Confessions of a Cyber-Challenged Woman…or (as my mother told me) God Helps Those Who Help Themselves

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If the question is:

Where have you been, Nancy?

Then the answer is:

“Cibernating” (as in hibernating in cyberspace).

For all of you who’ve wondered where I disappeared to the past three weeks (yikes!) I want to first thank you for missing me. I missed you too. Next, I want to respectfully request that you reframe from contacting the blog police. I know, I know, those of us who are serious about growing our businesses must consistently blog (and consistent is more often than every 3 weeks). So let me explain where I’ve been—and it was not on a romantic 5 star vacation with the man of my dreams. More on that later.

It’s really quite simple or, at least on paper, it was supposed to be.

Situation: My first book, Impact! was published last month by John Wiley.

Challenge: I was several months late in getting my new website up and running.

Solution: Hire a web designer.

Challenge: It was mid-holiday when I decided to do something about it.

Bottom Line: Do it myself.

Stop laughing.

As I’ve said before, I am what I refer to as a computer klutz (aka: social media klutz, cyber challenged, technically spastic and computer compromised). My gifts are people related. End of story. For that I make no apology.

So what inspired me to take on the mother of all things frustrating—building my own site? Fear. Yup. As frightened as I was (kindly notice the past tense) to snuggle up with html, I was more scared to have spent a zillion years writing a book no one would read because they’d never hear about it.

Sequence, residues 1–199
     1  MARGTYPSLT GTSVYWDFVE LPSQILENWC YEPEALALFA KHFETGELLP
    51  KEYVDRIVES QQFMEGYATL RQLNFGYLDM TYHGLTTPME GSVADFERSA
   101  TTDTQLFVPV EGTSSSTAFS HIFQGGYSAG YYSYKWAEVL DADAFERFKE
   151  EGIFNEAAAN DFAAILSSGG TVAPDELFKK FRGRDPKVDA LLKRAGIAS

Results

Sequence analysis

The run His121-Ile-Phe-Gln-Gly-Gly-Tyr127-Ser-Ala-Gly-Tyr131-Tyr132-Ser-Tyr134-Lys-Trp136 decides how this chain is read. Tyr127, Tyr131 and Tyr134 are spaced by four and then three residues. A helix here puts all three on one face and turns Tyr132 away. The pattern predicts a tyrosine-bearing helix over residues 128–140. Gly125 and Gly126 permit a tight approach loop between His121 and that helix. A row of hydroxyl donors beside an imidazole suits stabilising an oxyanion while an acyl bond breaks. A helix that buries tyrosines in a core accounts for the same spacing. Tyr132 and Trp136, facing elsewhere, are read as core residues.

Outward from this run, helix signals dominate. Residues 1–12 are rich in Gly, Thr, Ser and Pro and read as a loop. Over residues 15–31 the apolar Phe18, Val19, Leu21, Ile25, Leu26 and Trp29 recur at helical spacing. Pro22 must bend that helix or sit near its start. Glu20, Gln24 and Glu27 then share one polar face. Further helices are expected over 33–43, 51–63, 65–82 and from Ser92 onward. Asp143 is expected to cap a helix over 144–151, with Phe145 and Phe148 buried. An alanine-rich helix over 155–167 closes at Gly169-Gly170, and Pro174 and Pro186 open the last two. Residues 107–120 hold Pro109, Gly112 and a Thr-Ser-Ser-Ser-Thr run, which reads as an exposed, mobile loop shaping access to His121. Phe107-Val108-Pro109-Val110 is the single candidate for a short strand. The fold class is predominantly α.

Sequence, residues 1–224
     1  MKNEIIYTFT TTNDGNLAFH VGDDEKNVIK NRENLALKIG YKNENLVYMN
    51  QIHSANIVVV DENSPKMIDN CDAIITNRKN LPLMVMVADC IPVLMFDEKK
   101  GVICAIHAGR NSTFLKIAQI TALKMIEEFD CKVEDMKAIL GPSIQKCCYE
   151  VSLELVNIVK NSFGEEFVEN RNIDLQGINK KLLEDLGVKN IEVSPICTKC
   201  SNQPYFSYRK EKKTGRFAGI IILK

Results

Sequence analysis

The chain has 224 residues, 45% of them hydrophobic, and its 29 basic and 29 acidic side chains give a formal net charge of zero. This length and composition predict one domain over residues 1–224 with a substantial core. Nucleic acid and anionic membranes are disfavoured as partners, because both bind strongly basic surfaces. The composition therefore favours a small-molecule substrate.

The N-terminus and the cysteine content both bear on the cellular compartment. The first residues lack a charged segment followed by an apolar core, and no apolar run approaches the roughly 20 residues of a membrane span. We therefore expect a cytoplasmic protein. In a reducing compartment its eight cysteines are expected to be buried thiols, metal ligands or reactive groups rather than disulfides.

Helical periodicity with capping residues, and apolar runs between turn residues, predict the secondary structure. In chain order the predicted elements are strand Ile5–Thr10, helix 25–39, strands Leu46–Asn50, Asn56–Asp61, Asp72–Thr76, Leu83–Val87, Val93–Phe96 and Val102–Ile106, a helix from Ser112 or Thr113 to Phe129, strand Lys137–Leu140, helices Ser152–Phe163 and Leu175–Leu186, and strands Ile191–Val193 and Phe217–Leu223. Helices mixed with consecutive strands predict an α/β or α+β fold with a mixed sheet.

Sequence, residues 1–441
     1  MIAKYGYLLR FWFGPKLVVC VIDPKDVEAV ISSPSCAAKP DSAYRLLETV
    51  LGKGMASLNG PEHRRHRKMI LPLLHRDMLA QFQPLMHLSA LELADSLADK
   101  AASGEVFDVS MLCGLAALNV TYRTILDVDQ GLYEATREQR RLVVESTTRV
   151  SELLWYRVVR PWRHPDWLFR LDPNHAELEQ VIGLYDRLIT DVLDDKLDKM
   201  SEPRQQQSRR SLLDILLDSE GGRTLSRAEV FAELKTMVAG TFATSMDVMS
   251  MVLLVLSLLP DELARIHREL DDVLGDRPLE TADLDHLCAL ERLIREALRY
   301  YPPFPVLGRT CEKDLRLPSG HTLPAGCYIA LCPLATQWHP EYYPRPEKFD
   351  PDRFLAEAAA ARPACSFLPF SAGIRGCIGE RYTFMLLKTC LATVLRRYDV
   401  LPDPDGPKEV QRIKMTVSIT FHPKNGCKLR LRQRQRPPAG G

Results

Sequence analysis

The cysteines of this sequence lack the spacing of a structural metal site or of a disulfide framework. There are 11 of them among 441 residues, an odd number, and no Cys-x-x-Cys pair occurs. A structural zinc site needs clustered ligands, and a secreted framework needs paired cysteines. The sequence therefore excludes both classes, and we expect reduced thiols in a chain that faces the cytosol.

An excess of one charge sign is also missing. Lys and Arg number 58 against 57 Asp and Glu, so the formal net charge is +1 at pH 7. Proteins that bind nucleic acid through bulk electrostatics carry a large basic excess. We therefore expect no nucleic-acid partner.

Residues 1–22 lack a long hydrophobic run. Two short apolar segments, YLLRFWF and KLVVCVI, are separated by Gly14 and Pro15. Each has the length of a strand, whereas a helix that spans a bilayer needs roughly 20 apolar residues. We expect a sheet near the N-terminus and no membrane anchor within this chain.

I’m on the other side of it now. Sorta. I describe the experience like this: I’m cold. I turn to my friend and tell her I’m going to get a sweater—I’ll be right back. Three weeks later, I emerge from my closet having learned how to knit.

I’d like to say this: to every web site designer, graphic designer, computer programmer, seo specialist, etc. with whom I have ever worked, if only for the briefest of time—I apologize. I apologize for underestimating the skill it takes to create a site that looks effortless (just like a keynote that, to the unknowing audience, feels like a casual, but flawless, conversation.) I apologize for thinking, if not saying, that you over-charged me—that x, y & z could never have taken 3 hours (it probably took you 5). I ask forgiveness for my ignorance and invite you to double your rates next time we work together (I am only half kidding).

I don’t care that I was building a WordPress site, one that I could ‘content manage’ myself. I don’t care that 10 year-olds all over the planet construct these sites blindfolded—it was really hard, it was labor intensive, it was time-altering and energy sucking. It was intense. How intense, you might ask? Let’s put it this way— there are about 4,327 people on the Internet who have either written about or done a video on various aspects of WordPress design. Every one of them now knows me by first name.

Voila! I was cibernating. I dug into the underbelly of the blogosphere. I binged, I googled, I yahooed, I youtubed,  and I ate a lot of  ice cream.

I’m back. I’m excited it’s 2010….. actually, it’s not that I’m happy it’s 2010, it’s that I’m thrilled it’s no longer 2009. More on that later this week.

What did I learn from my adventure into cyberspace? Lots of things, but mainly that I’d best not leave my day job. The good news? Lot of things. Mainly, however, that given enough motivation (fear), we can do anything we set our mind to—trust me, if I can put this website together (with the help of my totally committed coach), then you can





  1. What is one thing that you really want to do and are absolutely certain you can’t (or won’t, or aren’t willing to) do?
  2. What fear(s) stands in your way?
  3. What are you afraid of learning about yourself?
  4. If you fail, what have you decided this will say about you?
  5. If you succeed, what have you decided thatwill that say about you?
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